When you want to share a project with other collaborators, you may want to ensure everyone is working with the same environment – otherwise, code in the project may unexpectedly fail to run because of changes in behavior between different versions of the packages in use. You can use
renv to help make this possible.
renv, the packages used in your project will be recorded into a lockfile,
renv.lock records the exact versions of R packages used within a project, if you share that file with your collaborators, they will be able to use
renv::init() to initialize your project with exactly the same R packages as recorded in the lockfile. This implies the following workflow for collaboration:
Make sure your project is initialized with
renv by calling
Share your project sources, alongside the generated lockfile
After your collaborators have received your
renv.lock lockfile, they can then also execute
renv::init() to initialize their project with the packages declared in that lockfile into their own private project library. By doing this, they will now be able to work within your project using the exact same R packages that you were when
renv.lock was generated.
For more information on collaboration strategies, please visit environments.rstudio.com.
While working on a project, you or your collaborators may need to update or install new packages in your project. The workflow remains the same as before – after installing these new packages, you can share the updated lockfile with your collaborators, and request that they execute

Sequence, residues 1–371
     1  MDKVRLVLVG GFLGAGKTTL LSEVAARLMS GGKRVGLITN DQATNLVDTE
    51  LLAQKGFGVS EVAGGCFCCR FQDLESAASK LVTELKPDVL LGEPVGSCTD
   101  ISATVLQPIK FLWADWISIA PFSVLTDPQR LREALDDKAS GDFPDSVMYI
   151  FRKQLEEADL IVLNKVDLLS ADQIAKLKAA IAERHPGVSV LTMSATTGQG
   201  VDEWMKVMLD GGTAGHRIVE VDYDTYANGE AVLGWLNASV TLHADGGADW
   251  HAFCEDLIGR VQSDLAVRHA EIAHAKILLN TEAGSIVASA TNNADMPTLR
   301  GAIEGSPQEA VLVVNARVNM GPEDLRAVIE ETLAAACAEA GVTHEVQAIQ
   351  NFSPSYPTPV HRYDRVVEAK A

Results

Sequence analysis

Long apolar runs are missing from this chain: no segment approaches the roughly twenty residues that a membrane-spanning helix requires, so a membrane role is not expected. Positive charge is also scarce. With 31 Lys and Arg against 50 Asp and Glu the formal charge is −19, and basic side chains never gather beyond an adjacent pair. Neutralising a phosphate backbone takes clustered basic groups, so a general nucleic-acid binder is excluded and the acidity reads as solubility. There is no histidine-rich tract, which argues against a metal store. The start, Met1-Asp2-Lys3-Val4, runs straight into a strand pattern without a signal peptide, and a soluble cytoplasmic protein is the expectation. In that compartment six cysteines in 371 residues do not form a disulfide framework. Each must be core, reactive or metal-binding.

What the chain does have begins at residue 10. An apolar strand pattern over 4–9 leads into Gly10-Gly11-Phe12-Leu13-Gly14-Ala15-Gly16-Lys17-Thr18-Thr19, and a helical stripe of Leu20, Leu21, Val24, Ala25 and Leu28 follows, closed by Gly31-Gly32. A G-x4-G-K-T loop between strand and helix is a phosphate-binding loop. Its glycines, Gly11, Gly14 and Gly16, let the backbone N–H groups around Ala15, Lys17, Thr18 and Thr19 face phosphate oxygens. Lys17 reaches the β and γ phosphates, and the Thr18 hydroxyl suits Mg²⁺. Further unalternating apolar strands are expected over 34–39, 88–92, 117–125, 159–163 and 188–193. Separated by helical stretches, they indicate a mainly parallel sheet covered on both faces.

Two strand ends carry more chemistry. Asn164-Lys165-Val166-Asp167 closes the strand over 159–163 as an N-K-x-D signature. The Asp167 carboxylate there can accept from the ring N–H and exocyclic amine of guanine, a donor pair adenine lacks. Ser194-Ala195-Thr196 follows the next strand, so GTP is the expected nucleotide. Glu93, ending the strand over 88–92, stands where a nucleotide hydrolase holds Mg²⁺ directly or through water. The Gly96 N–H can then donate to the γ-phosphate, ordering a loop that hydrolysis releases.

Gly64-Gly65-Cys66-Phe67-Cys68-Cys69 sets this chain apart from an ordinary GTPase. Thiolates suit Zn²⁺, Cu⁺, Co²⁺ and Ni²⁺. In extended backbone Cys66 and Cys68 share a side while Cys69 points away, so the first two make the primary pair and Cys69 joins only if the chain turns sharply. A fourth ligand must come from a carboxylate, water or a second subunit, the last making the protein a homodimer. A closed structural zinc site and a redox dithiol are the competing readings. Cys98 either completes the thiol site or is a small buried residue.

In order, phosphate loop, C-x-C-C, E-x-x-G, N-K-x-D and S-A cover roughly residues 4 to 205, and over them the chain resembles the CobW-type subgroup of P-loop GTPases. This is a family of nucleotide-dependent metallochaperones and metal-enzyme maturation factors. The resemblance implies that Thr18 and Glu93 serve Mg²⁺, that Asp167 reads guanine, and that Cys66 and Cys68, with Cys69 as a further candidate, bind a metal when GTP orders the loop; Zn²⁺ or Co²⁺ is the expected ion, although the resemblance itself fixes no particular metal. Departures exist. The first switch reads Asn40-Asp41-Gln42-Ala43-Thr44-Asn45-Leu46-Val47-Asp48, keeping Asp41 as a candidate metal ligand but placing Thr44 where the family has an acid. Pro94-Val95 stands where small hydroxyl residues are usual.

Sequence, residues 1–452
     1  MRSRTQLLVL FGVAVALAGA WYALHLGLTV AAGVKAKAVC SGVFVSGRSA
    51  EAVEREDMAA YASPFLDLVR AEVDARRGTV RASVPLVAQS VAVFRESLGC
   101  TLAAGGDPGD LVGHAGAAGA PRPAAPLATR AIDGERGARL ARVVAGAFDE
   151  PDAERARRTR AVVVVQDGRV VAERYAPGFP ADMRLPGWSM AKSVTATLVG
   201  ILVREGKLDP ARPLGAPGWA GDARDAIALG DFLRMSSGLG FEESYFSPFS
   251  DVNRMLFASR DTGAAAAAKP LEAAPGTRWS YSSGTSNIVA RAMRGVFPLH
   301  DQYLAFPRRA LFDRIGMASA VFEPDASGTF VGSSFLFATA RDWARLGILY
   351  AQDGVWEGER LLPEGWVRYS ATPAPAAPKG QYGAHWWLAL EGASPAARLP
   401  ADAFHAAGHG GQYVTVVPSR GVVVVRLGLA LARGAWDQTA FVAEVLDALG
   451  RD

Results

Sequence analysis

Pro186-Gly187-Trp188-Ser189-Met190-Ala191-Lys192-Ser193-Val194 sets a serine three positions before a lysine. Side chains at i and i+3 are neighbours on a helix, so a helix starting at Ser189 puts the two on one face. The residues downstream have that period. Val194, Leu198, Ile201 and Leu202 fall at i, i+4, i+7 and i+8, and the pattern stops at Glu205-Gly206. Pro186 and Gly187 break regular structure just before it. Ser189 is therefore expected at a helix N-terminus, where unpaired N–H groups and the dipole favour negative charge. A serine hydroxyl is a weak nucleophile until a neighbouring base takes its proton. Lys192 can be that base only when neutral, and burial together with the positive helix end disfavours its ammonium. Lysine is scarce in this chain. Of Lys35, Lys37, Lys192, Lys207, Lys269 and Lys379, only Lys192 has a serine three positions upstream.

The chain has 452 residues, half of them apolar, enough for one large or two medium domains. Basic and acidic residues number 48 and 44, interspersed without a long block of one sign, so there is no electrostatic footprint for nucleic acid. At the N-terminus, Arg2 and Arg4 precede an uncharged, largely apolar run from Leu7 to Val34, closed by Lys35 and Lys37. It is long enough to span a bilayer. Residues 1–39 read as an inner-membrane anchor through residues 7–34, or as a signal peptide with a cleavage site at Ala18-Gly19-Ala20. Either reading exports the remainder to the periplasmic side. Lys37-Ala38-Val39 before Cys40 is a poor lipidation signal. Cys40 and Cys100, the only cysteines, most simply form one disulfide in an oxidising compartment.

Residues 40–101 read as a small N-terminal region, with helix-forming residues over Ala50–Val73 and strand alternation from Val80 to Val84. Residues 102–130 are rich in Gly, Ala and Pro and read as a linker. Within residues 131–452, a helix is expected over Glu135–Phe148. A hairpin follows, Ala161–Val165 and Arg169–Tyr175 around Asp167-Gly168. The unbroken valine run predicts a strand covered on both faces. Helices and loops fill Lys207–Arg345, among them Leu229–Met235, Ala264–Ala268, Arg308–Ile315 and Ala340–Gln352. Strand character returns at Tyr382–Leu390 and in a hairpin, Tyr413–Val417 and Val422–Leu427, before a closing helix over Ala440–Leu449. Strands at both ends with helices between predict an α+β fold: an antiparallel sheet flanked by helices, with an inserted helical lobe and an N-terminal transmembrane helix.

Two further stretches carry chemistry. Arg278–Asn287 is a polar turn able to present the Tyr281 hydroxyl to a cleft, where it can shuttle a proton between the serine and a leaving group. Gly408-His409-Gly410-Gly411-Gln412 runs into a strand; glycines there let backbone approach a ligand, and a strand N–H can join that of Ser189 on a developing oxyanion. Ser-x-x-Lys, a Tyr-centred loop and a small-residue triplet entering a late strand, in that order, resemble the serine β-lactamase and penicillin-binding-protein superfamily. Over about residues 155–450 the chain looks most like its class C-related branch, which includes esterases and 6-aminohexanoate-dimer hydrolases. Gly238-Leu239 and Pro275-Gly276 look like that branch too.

renv::init() to synchronize their library with the lockfile. Or, if the project has already been initialized on their machine via a prior call to
renv::init(), then they can simply execute
A bit of care needs to be taken if your collaborators attempt to update packages independently. It is recommended that a single ‘source of truth’ is used for the package sources and
renv.lock, to avoid different collaborators ending up with different lockfiles – or even, different versions of the project sources!
The simplest way to guard against this it to use a version control system, and have all collaborators work off the same branch. This way, if someone needs to update
renv.lock in the public repository, all collaborators will see that updated lockfile and will gain access to it next time they pull those changes. Depending on the size of your team, you may want to ensure any changes to
renv.lock are communicated so that everyone knows and understands when and why packages have been installed or updated.